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During November and December 2006 CHCAP took part in a consultancy to develop a heritage interpretation plan for a series of cave sites around the town of Viengxay in northern Laos. In partnership with the Cultural Heritage and Museum Studies post-graduate program, CHCAP hosted 15 postgraduate students from the School of History Heritage and Society. The students had the oppurtinity to work on a practical case study while earning credit points towards the completion of their degrees. Working with the students and local counterparts from Vientiane and Viengxay CHCAP staff lead a series of excerises that aimed to build the capacity of both Lao and Deakin student participants. Among the exercises achieved were the mock up of a tourist brochure and a plan for signage (placement of signs, text on signs) and an official statement of significance.
The caves played a critical role in the 'secret war' and were used by communist revolutionary forces until American backed bombing ceased in 1973. Key members of the new regime which came to power in 1973 and formed a new unified national government in 1974 in Vientiane lived and worked in the caves which were sophisticately fitted out with modern ameneties and subdivided into work and living quarters for family, house staff, guards and troops.
CHCAP worked with local authorities, including the Kaysone Phomvihane Memorial Tour Cave Office, to develop a plan to best manage the cave sites in a sensitive way while making it attractive to international and domestic tourists. It is hoped that by attracting more tourists to the site the area will be able to generate some income that will be reinvested into the management and conservation of the caves.
For more information about the project contact email@example.com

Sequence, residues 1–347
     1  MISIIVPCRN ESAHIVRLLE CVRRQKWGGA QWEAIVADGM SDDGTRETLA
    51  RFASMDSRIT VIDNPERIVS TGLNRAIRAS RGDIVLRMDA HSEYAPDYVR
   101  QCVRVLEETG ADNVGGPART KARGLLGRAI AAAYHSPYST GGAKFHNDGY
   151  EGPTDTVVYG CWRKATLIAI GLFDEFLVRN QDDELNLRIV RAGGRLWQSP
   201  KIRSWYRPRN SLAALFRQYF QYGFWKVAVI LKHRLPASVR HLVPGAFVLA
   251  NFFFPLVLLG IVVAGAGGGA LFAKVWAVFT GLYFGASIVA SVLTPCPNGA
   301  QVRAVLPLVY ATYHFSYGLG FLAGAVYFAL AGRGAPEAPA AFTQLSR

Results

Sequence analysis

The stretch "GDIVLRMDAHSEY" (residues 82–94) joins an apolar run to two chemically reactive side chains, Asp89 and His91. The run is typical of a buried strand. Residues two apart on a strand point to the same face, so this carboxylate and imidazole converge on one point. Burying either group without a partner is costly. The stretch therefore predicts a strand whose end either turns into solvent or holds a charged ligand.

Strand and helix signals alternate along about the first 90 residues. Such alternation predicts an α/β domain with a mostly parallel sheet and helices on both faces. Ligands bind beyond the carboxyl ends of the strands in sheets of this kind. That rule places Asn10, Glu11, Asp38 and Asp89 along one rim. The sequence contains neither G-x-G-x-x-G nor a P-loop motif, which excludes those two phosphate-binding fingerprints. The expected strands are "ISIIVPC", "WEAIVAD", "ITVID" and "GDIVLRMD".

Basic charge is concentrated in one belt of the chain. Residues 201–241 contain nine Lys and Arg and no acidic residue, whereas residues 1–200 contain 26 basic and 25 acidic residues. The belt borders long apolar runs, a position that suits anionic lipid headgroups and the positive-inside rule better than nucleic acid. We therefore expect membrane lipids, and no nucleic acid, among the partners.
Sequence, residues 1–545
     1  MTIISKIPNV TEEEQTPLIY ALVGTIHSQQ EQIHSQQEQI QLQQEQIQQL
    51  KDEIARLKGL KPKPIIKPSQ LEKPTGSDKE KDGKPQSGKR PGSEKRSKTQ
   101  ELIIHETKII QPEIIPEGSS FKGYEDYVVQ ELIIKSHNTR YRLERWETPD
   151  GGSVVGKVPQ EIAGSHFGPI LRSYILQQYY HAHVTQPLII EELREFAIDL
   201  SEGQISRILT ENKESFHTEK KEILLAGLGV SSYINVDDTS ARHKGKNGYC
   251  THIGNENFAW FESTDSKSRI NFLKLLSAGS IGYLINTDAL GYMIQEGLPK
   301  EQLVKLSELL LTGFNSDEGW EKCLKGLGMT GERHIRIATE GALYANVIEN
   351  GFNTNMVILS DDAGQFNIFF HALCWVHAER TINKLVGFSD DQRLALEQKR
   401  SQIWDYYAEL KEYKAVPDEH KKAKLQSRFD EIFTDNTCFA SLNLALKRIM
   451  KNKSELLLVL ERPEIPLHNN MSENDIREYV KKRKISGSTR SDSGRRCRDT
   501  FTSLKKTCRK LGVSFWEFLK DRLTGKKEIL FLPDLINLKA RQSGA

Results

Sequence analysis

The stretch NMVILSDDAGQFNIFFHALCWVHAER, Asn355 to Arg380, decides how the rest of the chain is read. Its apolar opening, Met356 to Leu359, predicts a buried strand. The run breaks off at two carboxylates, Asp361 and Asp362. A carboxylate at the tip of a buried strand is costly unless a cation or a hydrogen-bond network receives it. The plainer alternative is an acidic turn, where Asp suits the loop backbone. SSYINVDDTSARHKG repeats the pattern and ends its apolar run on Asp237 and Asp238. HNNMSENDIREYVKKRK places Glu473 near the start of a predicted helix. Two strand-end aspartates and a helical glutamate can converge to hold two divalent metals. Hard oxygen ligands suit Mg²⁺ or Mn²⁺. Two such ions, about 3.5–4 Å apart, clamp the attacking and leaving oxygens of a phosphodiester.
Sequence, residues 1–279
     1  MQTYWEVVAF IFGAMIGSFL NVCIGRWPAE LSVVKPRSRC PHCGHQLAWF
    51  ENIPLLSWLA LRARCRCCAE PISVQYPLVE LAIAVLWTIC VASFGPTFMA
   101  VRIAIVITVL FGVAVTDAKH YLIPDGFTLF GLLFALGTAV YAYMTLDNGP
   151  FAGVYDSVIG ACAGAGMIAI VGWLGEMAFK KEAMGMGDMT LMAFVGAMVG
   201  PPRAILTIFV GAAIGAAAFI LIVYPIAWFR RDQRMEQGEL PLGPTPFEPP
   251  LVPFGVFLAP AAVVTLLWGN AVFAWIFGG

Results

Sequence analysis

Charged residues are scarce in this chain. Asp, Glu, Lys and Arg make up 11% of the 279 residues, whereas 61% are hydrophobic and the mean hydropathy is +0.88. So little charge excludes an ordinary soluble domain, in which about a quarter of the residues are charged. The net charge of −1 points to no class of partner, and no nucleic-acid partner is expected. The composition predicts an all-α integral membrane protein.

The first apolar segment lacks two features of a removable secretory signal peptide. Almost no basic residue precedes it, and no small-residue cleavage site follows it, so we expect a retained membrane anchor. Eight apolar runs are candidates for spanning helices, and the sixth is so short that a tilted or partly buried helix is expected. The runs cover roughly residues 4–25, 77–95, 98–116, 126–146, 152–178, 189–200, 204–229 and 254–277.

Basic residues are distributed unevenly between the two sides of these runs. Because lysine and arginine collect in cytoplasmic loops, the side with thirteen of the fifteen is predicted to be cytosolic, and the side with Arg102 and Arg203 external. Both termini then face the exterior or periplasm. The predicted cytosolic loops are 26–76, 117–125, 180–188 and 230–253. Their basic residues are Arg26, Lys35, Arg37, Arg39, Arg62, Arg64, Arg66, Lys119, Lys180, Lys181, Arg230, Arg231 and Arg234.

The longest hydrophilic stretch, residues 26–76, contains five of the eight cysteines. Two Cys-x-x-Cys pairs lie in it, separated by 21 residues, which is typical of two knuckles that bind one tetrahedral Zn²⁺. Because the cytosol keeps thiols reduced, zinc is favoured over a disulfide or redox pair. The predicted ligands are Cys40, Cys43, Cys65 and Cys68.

Prof Bill Logan was invited to give a paper on human rights issues relating to the identification and conservation of cultural heritage at a research conference held at Chulalongkorn University, Bangkok, on 3 - 4 October. The conference was organised jointly by Chulalongkorn University and the UNESCO/ICCROM Asian Academy for Heritage Management, of which Deakin's Cultural Heritage Centre for Asia and the Pacific is a founding and core member. Bill's paper was entitled 'Limiting the List: Human Rights and Intangible Cultural Heritage'.
The Kyoto-based League of Historical Cities held its 10th World Conference at Ballarat from 29 October to 1 November 2006 on the theme of 'Sustainable Historic Cities: Economics, Preservation and Visions for the Future'. Prof Bill Logan, Cultural Heritage Centre (CHCAP) Director, and Adjunct Prof Ray Tonkin, Executive Director of Heritage Victoria, were invited to join the organising committee, act as paper referees and chair some of the conference sessions. Bill was also facilitator for the four round-table sessions in which the mayors of participating League members reported on their cities followed by open discussions on the conference theme. Dr Richard Engelhardt, one of CHCAP's nominees on the Citizenship and Globalisation RPA, was the keynote speaker, and Adjunct Professor Liz Vines gave a paper entitled 'The Australian and Asian Context of Heritage City Management'.
Prof Bill Logan and Mr Giovanni Boccardi from UNESCO’s World Heritage Centre conduced a reactive monitoring mission to the World Heritage site at Hue, Vietnam, from 14 – 21 October 2006. The joint WHC-ICOMOS mission was carried out at the request of the World Heritage Committee to investigate the state of conservation at this site, which was inscribed on the World Heritage List in 1993 and comprises the royal citadel and tombs from the Nguyen dynasty (1802-1945) and associated temples. The site faces uncoordinated urban and infrastructure development, encouraged by the central government in Hanoi, which wishes to see Hue develop rapidly as one of the top eight cities in the country.